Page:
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Program Evaluation of an Integrated Behavioral Health Clinic in an Outpatient Women’s Health Clinic: Challenges and Considerations

Abstract

Many women receive their regular check-ups and preventive care through a women’s health clinic, including their behavioral health needs. Most of these clinics have not yet developed the capacity to adequately manage behavioral health concerns. We describe our clinical experience integrating behavioral health services into a women’s health clinic. In one year, 108 women (54% White, Mage= 35) were referred for behavioral health treatment 47% were identified using a screening questionnaire, 51% were referred by their women’s health provider and 2% were self-referred. The most common presenting concerns were anxiety (52%) and depressive symptoms (48%). Sixty-one (56%) patients completed an intake assessment, of whom 33 (54%) engaged in follow-up treatment (M = 3.7 treatment sessions, SD = 3.0). Behavioral health screening and treatment appears to be feasible and effective within a women’s health setting. Further research is needed to overcome barriers to referrals and treatment engagement in this population.

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Funding

Manuscript preparation was partially supported by a grant from the National Institute on Drug Abuse (K23DA042935; PI: Gilmore). The efforts of Dr. Constance Guille were funded by the National Institute on Drug Abuse (1K23DA039318-01). We would like to acknowledge the clinical staff and nurses who contributed to the clinical services described in the current manuscript. We would also like to acknowledge the Graduate Psychology Education grant from the Health Resources and Services Administration (Award #D40HP25774-04; Interdisciplinary Behavioral Science Training in Primary Care”) that funded the clinic that was awarded to Drs. Dan Smith and Dean Kilpatrick.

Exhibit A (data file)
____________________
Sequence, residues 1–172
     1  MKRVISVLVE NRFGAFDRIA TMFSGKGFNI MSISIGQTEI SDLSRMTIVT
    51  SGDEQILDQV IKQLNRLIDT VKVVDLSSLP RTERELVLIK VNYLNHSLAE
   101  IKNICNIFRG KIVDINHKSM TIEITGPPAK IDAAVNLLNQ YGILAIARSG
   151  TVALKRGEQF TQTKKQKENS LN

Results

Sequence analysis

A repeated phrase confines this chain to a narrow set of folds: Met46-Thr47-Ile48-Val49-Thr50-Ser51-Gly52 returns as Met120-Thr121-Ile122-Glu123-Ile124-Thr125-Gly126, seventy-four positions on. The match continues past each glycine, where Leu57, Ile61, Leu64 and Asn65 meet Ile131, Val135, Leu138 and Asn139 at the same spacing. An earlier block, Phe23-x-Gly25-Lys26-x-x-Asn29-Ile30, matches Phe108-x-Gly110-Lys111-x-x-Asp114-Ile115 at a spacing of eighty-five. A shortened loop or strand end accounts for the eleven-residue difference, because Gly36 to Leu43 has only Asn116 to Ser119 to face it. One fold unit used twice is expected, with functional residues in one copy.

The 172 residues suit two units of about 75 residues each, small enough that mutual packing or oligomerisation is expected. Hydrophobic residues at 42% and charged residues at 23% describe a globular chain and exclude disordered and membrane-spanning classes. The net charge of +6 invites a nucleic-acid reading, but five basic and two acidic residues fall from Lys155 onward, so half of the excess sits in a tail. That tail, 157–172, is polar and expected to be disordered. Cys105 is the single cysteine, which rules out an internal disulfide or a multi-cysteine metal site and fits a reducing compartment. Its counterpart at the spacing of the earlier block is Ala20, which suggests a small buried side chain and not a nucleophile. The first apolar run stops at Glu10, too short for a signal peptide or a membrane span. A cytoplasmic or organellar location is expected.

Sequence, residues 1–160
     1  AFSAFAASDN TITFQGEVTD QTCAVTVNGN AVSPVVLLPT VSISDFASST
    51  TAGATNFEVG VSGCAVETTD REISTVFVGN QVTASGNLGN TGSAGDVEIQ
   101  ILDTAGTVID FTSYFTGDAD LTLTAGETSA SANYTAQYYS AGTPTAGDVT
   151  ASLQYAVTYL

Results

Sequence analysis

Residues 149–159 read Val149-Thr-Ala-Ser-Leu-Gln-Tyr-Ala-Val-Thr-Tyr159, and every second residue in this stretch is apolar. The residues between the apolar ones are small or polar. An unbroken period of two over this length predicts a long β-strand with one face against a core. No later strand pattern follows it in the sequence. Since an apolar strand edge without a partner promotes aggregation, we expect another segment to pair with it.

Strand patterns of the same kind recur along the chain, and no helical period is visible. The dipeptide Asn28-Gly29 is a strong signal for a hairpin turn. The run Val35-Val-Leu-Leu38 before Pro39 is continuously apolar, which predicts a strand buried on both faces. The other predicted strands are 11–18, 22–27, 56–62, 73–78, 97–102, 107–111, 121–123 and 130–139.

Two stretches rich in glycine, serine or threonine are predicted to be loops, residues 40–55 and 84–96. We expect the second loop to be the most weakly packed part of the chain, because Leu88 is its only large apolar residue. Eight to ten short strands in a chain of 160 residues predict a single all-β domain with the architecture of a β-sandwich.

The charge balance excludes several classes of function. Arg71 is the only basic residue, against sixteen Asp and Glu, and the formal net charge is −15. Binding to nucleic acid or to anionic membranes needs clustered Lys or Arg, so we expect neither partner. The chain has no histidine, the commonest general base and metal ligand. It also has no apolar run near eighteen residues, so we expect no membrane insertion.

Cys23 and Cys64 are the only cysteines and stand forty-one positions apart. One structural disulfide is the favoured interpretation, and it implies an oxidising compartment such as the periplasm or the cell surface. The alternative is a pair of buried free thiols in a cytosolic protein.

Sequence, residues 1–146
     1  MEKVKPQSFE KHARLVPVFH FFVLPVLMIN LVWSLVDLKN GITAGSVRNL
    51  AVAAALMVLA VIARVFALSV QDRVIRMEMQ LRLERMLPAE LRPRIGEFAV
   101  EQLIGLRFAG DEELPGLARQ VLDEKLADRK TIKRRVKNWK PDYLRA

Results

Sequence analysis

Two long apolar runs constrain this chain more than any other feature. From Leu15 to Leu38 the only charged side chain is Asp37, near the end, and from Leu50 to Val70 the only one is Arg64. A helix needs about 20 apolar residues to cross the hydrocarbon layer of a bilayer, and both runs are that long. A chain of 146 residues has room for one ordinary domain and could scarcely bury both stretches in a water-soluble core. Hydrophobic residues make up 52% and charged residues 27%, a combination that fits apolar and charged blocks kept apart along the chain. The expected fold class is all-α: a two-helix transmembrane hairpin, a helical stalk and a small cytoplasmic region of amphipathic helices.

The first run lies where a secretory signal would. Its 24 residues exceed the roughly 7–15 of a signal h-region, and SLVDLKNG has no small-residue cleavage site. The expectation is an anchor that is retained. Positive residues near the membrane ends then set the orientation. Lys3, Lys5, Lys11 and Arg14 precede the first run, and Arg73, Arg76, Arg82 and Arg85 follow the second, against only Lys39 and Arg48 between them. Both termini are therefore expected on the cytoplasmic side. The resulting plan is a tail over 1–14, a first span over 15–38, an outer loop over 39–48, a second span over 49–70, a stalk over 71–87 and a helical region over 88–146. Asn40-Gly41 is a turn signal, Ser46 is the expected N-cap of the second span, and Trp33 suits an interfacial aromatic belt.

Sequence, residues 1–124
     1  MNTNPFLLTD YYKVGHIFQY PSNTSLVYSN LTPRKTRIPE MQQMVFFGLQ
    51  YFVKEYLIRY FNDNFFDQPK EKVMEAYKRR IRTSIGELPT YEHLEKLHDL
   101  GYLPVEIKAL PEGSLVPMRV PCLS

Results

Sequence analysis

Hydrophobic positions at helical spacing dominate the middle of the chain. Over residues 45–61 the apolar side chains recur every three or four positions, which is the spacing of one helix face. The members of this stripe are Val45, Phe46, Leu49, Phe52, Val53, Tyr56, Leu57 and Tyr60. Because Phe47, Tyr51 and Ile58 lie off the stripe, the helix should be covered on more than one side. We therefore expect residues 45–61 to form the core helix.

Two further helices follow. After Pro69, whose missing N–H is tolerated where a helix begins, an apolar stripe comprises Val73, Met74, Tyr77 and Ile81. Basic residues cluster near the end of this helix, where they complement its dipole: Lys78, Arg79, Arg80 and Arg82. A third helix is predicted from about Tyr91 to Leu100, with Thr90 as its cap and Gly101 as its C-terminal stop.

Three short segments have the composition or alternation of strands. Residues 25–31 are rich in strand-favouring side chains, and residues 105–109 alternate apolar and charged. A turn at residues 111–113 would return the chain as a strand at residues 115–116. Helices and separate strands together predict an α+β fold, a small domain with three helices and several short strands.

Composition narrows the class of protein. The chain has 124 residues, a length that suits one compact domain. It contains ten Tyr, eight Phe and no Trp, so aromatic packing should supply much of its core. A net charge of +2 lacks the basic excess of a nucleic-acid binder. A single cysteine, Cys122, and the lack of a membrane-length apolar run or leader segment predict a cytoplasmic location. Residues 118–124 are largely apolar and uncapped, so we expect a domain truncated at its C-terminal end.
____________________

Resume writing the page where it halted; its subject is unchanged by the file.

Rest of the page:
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Correspondence to Amanda K. Gilmore or Lauren Holland-Carter.

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Allison J. Carroll, Anna E. Jaffe, Kimberley Stanton, Constance Guille, Gweneth B. Lazenby, David E. Soper, Amanda K. Gilmore, and Lauren Holland-Carter declare that they have no conflict of interest.

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All procedures performed in studies involving human participants were in accordance with the ethical standards of the institutional and/or national research committee and with the 1964 Helsinki declaration and its later amendments or comparable ethical standards.

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Data for the present study were collected during a newly created integrated clinic for patients eligible for behavioral health services in the women’s health clinic. The project was determined to be quality improvement, which was certified by the institutional review board. Therefore, informed consent was not required nor obtained.

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Carroll, A.J., Jaffe, A.E., Stanton, K. et al. Program Evaluation of an Integrated Behavioral Health Clinic in an Outpatient Women’s Health Clinic: Challenges and Considerations. J Clin Psychol Med Settings 27, 207–216 (2020). https://doi.org/10.1007/s10880-019-09684-6

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Keywords

  • Gynecology
  • Women’s health
  • Behavioral health
  • Primary care integration